Also, I have to say that Brandon Sanderson has done a masterful and wonderful job with the last three books. With all deference to Jordan’s skilled world-building, Sanderson is a far better writer (word craftsman) than Jordan ever was.
Reading the books quickly and back-to-back —- I’ve been bored with not much else to do these past 3 weeks — Jordan’s patterns were boring and prosaic. Four pages to move the characters down a hallway as if I care what the tapestries looked like or that I needed to be reminded every time how many servants it took to run a palace — or that I needed to know the names of every one of those servants. By the time I was to Book 4, I was literally skipping half the pages because of the unnecessary detail. And I will say unnecessary because, by and late, the detail wasn’t original — just a lot of repetition. And don’t even get me started on the useless paragraphs describing in detail how people were dressed.
[I think that scene where Matt has carefully written out everyone’s elaborate backstory is, in fact, an Easter-egg reference to Jordan’s penchant for giving us all a lot of useless backstory. And if it is, I thank him for that — because that scene actually made me laugh out loud.]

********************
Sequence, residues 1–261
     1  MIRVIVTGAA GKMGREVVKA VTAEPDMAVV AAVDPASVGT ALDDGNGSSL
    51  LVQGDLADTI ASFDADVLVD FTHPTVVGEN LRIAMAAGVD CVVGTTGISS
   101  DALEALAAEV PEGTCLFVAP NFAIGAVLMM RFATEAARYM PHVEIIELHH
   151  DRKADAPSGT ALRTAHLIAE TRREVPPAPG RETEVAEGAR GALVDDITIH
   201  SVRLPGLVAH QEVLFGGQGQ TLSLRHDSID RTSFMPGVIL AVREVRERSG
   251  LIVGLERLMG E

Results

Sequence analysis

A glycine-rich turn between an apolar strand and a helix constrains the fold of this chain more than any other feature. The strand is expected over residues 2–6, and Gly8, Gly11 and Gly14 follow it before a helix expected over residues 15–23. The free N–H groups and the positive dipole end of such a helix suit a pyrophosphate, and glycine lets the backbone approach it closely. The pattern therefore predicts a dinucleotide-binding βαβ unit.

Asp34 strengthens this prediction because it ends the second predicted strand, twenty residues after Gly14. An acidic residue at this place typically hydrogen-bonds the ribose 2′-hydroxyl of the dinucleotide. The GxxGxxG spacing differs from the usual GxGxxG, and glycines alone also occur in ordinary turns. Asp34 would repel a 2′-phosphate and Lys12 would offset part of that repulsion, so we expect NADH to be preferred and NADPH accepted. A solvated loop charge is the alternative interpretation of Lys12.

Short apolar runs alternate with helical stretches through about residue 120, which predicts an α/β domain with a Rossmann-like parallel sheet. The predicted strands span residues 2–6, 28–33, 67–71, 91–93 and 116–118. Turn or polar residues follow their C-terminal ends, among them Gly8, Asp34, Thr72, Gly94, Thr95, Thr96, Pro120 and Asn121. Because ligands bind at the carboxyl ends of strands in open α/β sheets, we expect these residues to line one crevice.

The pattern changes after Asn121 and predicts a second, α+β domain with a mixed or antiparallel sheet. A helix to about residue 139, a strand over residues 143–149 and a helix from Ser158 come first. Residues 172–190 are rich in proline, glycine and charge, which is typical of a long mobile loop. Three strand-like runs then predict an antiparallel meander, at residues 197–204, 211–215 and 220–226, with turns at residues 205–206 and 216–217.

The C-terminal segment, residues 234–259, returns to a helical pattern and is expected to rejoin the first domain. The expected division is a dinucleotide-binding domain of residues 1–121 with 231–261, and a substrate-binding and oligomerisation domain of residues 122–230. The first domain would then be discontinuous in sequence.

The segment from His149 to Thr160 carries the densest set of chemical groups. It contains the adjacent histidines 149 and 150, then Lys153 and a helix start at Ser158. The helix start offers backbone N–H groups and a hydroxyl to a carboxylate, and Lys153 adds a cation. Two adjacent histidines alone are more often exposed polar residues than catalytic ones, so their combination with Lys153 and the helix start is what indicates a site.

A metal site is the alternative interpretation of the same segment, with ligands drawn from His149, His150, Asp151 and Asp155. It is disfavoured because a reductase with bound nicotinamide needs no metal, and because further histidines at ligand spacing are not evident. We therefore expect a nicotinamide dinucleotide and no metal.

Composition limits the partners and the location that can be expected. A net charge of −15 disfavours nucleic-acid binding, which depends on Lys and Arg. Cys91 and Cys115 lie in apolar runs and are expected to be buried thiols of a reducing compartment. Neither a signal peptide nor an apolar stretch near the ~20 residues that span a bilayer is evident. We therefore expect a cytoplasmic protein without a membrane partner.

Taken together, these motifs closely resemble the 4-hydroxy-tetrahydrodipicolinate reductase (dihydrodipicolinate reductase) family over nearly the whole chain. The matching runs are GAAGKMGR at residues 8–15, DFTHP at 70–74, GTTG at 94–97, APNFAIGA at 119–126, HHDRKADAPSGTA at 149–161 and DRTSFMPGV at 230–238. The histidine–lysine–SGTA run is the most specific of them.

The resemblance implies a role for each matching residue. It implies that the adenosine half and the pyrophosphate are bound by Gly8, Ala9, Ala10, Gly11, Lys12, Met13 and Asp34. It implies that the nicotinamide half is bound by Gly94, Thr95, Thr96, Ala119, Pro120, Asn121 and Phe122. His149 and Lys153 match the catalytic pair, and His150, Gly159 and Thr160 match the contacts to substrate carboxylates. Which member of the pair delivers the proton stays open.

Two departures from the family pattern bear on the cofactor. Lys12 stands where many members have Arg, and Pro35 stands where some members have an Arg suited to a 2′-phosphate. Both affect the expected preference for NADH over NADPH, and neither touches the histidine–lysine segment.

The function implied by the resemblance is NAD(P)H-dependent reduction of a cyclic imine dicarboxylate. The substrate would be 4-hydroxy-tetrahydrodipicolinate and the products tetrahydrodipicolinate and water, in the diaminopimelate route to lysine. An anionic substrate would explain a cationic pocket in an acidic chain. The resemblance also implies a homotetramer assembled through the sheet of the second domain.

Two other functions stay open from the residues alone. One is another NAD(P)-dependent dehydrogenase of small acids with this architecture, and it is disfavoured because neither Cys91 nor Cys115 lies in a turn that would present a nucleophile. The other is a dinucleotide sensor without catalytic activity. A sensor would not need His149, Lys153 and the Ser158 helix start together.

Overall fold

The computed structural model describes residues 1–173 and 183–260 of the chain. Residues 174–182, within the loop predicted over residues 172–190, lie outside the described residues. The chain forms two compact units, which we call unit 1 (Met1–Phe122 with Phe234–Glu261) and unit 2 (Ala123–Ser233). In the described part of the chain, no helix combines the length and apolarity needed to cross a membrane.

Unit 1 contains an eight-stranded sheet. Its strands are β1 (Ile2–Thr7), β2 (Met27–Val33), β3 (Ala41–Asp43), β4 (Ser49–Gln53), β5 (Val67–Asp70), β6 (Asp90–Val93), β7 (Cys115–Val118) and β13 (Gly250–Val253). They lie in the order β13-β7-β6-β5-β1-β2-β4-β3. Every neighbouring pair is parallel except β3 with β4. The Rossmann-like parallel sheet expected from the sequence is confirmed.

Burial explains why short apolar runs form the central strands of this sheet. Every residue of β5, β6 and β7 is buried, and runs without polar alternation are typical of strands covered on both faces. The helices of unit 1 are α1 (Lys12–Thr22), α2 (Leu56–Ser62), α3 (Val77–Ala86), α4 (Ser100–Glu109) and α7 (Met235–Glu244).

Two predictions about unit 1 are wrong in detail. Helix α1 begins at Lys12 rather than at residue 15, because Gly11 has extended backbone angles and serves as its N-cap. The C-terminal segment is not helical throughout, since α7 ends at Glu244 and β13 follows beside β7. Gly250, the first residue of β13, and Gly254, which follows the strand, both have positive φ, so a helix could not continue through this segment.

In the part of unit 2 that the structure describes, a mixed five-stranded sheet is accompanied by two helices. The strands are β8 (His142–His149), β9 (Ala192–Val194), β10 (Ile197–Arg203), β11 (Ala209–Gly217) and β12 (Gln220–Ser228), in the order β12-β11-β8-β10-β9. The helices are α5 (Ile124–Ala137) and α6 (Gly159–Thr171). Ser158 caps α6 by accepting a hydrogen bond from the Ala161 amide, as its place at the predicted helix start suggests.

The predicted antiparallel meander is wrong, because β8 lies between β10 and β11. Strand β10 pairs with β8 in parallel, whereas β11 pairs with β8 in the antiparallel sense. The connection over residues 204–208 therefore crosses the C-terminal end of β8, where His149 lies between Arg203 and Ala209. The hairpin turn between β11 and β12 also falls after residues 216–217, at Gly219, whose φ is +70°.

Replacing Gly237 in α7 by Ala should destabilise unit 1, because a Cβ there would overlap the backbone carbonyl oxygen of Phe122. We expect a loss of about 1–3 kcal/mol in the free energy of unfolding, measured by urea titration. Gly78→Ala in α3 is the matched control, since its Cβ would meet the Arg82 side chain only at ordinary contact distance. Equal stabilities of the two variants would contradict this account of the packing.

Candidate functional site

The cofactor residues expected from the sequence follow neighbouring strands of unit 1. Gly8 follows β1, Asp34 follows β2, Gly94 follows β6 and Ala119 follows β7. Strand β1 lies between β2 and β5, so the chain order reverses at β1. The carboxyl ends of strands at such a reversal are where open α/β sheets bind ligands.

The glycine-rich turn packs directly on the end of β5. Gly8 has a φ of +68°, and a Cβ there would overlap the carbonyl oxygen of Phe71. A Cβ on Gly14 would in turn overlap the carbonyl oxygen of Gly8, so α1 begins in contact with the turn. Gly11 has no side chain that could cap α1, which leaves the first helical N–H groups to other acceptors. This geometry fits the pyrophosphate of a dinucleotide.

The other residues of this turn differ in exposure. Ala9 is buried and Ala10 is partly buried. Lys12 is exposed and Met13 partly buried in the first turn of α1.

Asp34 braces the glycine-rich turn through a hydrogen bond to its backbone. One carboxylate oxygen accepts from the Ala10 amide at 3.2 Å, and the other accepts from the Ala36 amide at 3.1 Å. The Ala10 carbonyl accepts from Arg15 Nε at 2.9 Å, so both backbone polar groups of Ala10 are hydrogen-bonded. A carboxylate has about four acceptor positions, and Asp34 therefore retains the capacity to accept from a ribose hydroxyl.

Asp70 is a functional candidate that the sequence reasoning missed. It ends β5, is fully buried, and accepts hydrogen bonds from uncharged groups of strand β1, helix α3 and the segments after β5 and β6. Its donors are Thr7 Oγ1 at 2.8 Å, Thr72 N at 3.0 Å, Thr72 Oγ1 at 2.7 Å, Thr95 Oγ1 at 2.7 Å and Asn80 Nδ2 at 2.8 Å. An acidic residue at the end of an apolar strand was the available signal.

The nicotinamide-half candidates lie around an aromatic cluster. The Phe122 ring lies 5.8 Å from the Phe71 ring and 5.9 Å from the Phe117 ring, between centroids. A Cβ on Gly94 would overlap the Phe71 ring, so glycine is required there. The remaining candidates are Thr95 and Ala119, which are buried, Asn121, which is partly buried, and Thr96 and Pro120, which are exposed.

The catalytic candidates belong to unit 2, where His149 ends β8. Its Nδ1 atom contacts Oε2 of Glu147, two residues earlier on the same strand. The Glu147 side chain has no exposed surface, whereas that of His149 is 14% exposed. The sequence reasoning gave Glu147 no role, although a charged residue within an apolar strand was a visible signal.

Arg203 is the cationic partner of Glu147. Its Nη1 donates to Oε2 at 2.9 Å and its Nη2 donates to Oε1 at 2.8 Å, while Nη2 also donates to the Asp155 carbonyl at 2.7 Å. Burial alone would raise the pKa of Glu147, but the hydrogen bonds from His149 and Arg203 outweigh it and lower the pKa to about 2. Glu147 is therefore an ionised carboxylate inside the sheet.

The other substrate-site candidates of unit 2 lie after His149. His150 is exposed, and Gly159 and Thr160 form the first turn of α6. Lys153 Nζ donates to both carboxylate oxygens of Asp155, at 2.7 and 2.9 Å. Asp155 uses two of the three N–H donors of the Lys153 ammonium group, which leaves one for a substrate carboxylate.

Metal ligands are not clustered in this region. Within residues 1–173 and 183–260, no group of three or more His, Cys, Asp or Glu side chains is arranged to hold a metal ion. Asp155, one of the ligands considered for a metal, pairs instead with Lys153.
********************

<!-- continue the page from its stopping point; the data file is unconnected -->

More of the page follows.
No, Brandon’s writing is much, much better — he focusses so well on characterization. With Brandon’s writing — he made me cry when he wrote about Rand’s transformation — the scene where Nynaeve stays his hand with the Borderlanders — it made me cry because I could feel her anguish.
And another thing that Sanderson does not do is try to be cleverer than the reader. The characters actually talk to each other. He doesn’t try to obfuscate make everything seem mystical.
He also relies much less heavily on the characters being stupid than Jordan. That is, Jordan would often compromise the character in order to make a story point. For example — there is no way in the Light’s world that Nynaeve would be so trusting of a newly-befriended Seanchan that she would casually hand her the male a’dam and trust her to toss them into the ocean. She would forsake that which defines her as a character — her unwavering desire to protect her 4 charges from everything the outside world will use to harm them. Not in a million years. Seriously? And that’s just one example of many. Sanderson doesn’t do that with our beloved characters, and I am very thankful for that — he doesn’t make them stupid to create drama.
Yes, I have been enjoying these last three books immensely.